Kellie Robertson writes about medieval literature and culture; her research and teaching are premised on the idea that a return to this earlier intellectual history can help us to better understand our own modern desires and philosophical commitments.
Her most recent book, Nature Speaks: Medieval Literature and Aristotelian Philosophy (forthcoming from the University of Pennsylvania Press in March 2017) examines late medieval poetry in the context of its physics, arguing that both domains struggled over how to represent nature in the wake of Aristotelian science. Whether or not nature can speak in an autonomous voice is a problem with which modern environmental politics still struggles, and Robertson’s book argues that there is value in returning to medieval models of how the human was understood in relation to the rest of the nonhuman world.
Her current book project, Yesterday's Weather: Narrative and Premodern Climate Change, looks at how medieval and early modern societies depict the shock of the natural disaster. While the weather is notoriously changeable, human responses to it reveal some surprising consistencies across time, as each era struggles to respond to the durable dilemma of being subject to forces beyond human control. The stories we tell about weather, both then and now, are almost always stories about our own modernity, but it is a modernity experienced as somehow precarious. Looking back at how premoderns wrote about the weather helps us to understand better the stories that we tell ourselves about climate change today.
She is also the author of The Laborer’s Two Bodies: Labor and the ‘Work’ of the Text in Medieval Britain, 1350-1500, a book that explores textual and material responses to the first national labor laws. These laws—designed to mitigate the effects of the unprecedented labor shortages following the appearance of the Black Plague—forced writers of all kinds to ask what constituted “true labor,” a question that became nearly unavoidable once work became the object of emphatic legal regulation. She is the editor (with Michael Uebel) of a collection of essays entitled The Middle Ages at Work: Practicing Labor in Late Medieval England.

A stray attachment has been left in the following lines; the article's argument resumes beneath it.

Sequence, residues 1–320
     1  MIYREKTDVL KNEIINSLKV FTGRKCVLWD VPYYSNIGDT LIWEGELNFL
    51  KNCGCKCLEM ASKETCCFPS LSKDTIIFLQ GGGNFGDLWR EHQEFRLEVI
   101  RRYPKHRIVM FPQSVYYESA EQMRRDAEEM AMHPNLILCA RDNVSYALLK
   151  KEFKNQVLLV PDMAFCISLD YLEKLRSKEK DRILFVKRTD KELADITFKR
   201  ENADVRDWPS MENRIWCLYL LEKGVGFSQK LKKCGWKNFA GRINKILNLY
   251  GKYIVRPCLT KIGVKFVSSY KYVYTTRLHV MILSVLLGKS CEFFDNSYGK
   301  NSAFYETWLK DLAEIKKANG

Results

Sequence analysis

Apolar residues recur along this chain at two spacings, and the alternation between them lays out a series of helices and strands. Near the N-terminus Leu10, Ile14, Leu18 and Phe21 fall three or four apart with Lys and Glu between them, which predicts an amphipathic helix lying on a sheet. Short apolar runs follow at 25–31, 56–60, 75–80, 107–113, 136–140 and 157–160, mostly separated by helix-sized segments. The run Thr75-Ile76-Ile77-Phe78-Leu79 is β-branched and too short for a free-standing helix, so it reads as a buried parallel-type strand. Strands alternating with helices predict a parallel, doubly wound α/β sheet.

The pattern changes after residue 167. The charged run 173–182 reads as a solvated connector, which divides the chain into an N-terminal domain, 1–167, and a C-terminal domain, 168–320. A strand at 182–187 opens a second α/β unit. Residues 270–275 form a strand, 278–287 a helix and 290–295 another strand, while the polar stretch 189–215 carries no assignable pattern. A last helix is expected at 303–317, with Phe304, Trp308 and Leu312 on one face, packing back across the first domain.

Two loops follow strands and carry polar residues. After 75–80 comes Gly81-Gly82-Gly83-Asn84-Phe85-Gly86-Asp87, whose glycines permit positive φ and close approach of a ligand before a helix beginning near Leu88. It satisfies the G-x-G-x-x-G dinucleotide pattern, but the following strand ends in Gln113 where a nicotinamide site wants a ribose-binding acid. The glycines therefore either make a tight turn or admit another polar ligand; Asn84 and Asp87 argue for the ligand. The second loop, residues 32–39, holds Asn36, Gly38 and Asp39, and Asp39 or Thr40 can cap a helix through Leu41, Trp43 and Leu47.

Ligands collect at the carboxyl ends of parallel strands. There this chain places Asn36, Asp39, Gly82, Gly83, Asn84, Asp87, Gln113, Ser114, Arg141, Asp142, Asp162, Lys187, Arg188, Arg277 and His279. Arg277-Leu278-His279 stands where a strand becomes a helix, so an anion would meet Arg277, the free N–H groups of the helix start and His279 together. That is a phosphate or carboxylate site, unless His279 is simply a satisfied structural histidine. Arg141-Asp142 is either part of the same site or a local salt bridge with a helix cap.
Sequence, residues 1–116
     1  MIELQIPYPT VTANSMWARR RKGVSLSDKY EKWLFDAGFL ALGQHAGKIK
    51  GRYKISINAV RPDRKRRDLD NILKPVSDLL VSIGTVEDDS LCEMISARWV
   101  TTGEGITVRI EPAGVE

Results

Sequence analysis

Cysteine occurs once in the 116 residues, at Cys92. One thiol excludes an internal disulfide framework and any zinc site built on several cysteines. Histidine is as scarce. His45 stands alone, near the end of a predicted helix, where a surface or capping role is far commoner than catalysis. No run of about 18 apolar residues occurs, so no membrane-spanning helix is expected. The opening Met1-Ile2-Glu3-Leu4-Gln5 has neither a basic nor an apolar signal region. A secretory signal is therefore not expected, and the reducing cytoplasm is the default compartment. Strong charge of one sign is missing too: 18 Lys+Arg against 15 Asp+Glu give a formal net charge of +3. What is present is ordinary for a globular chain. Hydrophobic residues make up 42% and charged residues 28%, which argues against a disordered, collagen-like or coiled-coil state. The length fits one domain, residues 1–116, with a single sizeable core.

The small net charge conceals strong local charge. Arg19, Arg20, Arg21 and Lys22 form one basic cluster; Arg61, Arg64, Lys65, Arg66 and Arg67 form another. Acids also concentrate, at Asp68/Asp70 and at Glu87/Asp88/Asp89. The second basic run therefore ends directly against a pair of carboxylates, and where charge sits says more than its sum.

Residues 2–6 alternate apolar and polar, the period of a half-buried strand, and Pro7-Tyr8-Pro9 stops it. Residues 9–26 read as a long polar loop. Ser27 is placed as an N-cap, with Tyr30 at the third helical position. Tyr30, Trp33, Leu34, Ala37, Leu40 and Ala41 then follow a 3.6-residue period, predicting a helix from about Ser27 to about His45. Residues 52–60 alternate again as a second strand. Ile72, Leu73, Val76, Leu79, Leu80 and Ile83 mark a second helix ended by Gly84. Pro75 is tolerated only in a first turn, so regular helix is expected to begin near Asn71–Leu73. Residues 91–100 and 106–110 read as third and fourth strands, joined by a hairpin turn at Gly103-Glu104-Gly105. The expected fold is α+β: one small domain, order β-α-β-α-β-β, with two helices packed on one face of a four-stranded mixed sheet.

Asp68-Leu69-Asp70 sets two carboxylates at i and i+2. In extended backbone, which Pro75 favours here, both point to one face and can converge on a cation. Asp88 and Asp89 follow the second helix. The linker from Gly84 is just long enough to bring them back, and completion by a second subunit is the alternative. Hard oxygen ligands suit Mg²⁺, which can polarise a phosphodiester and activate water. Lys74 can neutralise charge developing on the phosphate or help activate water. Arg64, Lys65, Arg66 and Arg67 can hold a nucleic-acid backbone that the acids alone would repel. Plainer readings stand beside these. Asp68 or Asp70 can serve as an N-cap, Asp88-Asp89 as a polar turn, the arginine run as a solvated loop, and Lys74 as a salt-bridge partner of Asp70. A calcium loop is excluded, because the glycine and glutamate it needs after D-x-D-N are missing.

Her research has been supported by fellowships from the National Endowment for the Humanities and the National Humanities Center.
At the University of Maryland, she currently serves as the Director of Graduate Studies for the English Department.
Ph.D. Yale University
B.A. University of Virginia
Nature Speaks: Medieval Literature and Aristotelian Philosophy. University of Pennsylvannia Press, forthcoming March 2017.
The Laborer’s Two Bodies: Labor and the ‘Work’ of the Text in Medieval Britain, 1350-1500. New York: Palgrave Macmillan, 2006.
Co-editor (with Michael Uebel), The Middle Ages at Work: Practicing Labor in Late Medieval England. New York: Palgrave Macmillan, 2004.
“The Rebel Kiss: Jack Cade, Shakespeare, and the Chroniclers.” In Renaissance Retrospections: Tudor Visions of the Middle Ages, ed. Sarah Kelen. Studies in Medieval Culture 52 (Kalamazoo, MI: Western Michigan University Press, 2013), 127-140.
“Abusing Aristotle.” In Petropunk Collective., ed. Speculative Medievalisms: Discography (Brooklyn, NY: Punctum Books, 2013). 159-172.
“Exemplary Rocks.” In Jeffrey J. Cohen, ed., Animal, Vegetable, Mineral: Ethics and Objects (Brooklyn, NY: Punctum Books, 2012). 93-123.
“Medieval Materialism: A Manifesto.” Exemplaria 22.2 (2010): 99-118.
“Medieval Things: Materiality, Historicity, and the Premodern Object.” Literature Compass 5 (2008): 10.1111/j.1741-4113.2008.00588.x
“Authorial Work.” In 21st Century Approaches to Literature: Middle English, ed. Paul Strohm. Oxford UK: Oxford University Press, 2007. 441-458.
“Branding and the Technologies of Labor Regulation.” In The Middle Ages at Work, ed. Kellie Robertson and Michael Uebel. New York: Palgrave Macmillan, 2004. 133-153.
“Introduction: Conceptualizing Labor in the Middle Ages,” (with Michael Uebel). In The Middle Ages at Work, ed. Kellie Robertson and Michael Uebel. New York: Palgrave Macmillan, 2004. 1-15.
“Laboring in the God of Love’s Garden: Chaucer’s Prologue to The Legend of Good Women.” Studies in the Age of Chaucer 24 (2002): 115-147.
“Common Profit and Common Language.” In The Post-Colonial Middle Ages. Ed. Jeffrey J. Cohen. New York: St. Martin’s Press, 2000. 209-228.
2014-15 Research and Scholarship Award, University of Maryland
2011-12 Fellow, National Humanities Center, Research Triangle, NC
2011 Vilas Life Cycle Professorship, University of Wisconsin
2011 Institute for Research in the Humanities Fellowship, University of Wisconsin (declined)
2010 University of Wisconsin Graduate School Research Fellowship
2008 University of Wisconsin Graduate School Research Fellowship
2005 University of Pittsburgh Faculty Research Grant
2000 National Endowment for the Humanities Summer Stipend
2000 University of Pittsburgh Faculty Research Grant
1999 John G. Bowman Faculty Grant
1997 John F. Enders Research Grant
1996-97 Andrew W. Mellon Dissertation Fellowship
2015-6 ARHU Search Committee, English Department Chair
2015-2017 University Senate
2015-2017 Senate Educational Affairs Committee
2015-present ARHU Graduate Fellowships Committee
2014 Conference co-organizer with Gerard Passannante. “Knowing Nature in the Medieval and Early Modern World” Symposium. October 24-25, 2014. Funded primarily by the Graduate School Field Committee on Medieval and Early Modern Studies.